Shannon* was in love. She’d met her partner in high school. They’d been together for four years. They’d even moved in together. In truth, she couldn’t have imagined a future that didn’t involve her partner. Then, without warning, and right after they renewed their lease for another year, things started to sour. As their fights gained momentum, and their distrust in each other grew, Shannon quickly found herself in a relationship that wasn’t going to last. When things finally came to a head, in the form of an epic three-hour argument, Shannon was faced with a new reality. The partner whom she’d come to rely on, a person with whom her life was so deeply intertwined, was no longer going to be around.
Breakups are hard. The emotional and awkward process of two people attempting to pry their lives apart is painful and difficult for both parties. And if you’ve been together for a while, there can be a lot to separate from each other — furniture, housing, friends, and even money.
In Shannon’s case, one of her first thoughts post-breakup was about their shared financial responsibilities. They had a lease, money she’d loaned her partner, and shared furniture that they’d now have to figure out how to separate. While Shannon uncomfortably stumbled through the process with her partner, her story is not unique.
In my work at Zeta, a company focused on family finances, I’ve been privileged to spend time with thousands of couples. And while our goal is to help families stay together, many of our couples have kissed a few frogs before finding their prince or princess. As part of those adventures, couples have recounted countless stories about breakups and finances — some that have driven them to bankruptcy.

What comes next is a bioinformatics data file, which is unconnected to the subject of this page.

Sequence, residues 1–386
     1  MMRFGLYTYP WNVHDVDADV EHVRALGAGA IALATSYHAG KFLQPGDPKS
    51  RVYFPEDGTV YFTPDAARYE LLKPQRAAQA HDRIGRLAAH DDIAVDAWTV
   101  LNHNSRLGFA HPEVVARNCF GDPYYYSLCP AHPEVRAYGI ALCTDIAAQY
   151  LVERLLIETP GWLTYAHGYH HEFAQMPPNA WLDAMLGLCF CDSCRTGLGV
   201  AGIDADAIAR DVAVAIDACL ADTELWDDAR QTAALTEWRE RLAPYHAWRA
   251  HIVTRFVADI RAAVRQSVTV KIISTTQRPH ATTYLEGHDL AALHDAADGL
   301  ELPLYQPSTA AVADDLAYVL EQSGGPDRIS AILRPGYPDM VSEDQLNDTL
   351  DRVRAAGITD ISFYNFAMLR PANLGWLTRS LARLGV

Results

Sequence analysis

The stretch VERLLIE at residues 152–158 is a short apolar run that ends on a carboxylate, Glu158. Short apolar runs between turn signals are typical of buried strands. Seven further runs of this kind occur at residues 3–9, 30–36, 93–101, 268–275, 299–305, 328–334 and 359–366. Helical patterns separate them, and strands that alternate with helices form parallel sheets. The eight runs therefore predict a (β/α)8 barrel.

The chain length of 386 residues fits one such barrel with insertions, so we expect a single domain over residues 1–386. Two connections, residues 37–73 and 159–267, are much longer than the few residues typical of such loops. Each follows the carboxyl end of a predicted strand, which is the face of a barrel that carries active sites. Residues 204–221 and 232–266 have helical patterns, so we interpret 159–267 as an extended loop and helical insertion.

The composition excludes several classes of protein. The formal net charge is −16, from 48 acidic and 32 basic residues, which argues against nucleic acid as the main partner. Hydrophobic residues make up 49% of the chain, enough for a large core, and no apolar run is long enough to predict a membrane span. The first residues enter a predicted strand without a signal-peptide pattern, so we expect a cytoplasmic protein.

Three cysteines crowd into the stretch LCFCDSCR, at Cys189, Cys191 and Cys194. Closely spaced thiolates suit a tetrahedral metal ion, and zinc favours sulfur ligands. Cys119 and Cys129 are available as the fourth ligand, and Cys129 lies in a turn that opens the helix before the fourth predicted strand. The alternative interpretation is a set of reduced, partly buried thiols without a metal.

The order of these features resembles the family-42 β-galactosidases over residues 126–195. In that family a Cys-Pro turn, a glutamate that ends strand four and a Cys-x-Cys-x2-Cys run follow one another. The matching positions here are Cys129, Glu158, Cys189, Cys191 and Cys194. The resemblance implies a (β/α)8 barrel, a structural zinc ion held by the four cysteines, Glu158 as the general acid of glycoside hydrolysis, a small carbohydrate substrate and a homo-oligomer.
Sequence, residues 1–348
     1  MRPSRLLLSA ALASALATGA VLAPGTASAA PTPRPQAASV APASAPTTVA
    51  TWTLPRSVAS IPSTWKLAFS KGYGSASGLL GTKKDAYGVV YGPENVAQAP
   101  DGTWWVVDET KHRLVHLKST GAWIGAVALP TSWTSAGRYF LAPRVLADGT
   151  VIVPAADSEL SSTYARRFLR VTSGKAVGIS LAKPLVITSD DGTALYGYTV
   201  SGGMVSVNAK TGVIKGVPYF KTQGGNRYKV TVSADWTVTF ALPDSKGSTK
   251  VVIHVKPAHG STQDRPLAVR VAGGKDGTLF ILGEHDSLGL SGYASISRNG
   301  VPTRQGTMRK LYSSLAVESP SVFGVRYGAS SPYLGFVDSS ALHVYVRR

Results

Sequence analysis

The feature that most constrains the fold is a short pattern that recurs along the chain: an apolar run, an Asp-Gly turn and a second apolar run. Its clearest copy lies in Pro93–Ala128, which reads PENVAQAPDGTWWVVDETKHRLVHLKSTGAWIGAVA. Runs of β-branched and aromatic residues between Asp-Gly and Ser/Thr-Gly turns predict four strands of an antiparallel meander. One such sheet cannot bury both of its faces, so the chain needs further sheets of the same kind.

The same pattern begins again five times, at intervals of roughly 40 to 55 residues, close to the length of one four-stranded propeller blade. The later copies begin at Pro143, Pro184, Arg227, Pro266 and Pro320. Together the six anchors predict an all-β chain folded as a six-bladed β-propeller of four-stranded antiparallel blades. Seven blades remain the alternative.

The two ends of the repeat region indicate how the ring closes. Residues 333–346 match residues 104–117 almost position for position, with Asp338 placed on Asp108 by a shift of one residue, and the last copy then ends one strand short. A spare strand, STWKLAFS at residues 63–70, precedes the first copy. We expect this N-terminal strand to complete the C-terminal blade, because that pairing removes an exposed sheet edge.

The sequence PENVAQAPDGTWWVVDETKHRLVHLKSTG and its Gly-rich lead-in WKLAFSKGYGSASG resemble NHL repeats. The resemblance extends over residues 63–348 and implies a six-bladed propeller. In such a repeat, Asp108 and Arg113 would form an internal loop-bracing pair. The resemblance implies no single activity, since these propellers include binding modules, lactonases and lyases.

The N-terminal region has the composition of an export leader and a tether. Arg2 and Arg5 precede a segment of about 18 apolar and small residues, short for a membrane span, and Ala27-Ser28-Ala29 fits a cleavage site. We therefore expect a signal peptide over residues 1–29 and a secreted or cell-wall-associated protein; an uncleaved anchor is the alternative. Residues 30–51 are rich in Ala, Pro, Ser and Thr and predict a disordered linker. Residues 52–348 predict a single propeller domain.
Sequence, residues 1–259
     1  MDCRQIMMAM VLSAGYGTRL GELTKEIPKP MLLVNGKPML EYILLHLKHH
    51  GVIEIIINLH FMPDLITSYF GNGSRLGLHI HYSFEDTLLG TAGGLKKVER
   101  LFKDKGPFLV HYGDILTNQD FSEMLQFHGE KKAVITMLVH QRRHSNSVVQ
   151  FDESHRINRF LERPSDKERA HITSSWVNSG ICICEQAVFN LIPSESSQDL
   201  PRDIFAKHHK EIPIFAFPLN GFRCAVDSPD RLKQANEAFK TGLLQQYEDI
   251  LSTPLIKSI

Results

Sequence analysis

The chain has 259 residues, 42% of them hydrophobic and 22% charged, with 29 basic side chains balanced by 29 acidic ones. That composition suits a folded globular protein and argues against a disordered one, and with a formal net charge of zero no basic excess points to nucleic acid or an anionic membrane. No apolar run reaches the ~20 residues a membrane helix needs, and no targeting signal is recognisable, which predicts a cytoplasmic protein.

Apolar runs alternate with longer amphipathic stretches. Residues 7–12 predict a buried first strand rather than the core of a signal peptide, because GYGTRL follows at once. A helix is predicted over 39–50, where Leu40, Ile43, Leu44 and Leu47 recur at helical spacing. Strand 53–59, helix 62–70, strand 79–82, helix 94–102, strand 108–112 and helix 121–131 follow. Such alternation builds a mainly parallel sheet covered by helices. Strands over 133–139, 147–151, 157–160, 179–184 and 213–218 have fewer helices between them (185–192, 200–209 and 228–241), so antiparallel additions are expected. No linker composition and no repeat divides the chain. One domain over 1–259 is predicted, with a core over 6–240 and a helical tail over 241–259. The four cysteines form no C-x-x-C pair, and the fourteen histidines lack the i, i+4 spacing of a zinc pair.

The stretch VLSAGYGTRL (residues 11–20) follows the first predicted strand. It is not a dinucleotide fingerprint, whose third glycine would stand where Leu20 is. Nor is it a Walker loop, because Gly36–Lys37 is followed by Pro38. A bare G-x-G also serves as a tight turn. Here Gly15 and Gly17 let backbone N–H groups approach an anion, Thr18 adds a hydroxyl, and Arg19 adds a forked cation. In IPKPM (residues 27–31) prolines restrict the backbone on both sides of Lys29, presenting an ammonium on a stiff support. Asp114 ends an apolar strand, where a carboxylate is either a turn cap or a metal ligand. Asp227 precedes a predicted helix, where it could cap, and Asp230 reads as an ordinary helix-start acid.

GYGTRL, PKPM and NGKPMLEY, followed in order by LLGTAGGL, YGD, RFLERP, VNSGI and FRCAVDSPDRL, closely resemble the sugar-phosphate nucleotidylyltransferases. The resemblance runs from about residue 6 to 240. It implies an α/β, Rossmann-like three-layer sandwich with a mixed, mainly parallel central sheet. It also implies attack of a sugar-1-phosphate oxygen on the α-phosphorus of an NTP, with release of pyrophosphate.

But this doesn’t have to be your story. I want to take this opportunity to share some advice on how to navigate separating your assets in a breakup, having learned from the hundreds of stories I’ve heard first-hand.
Understand what you have (or owe) together and what future responsibilities you have together.
Often, in the emotional turmoil of a breakup, it’s not always easy to think rationally. To the extent that you can, the first thing you’ll want to do is to understand the state of your shared finances. If you were previously the money manager in your relationship (and even if you weren’t), you’ll want to create a comprehensive list of all your assets and liabilities that your partner can see and edit. This can include everything from bank accounts and credit cards to furniture or a car. Take the time to itemise these shared assets and assign a dollar value to each of them if you can. If you have pets or children together, consider how those responsibilities will affect your finances in the future, and include those costs in your list.
Make a plan to divide your shared things fairly, but not necessarily equally.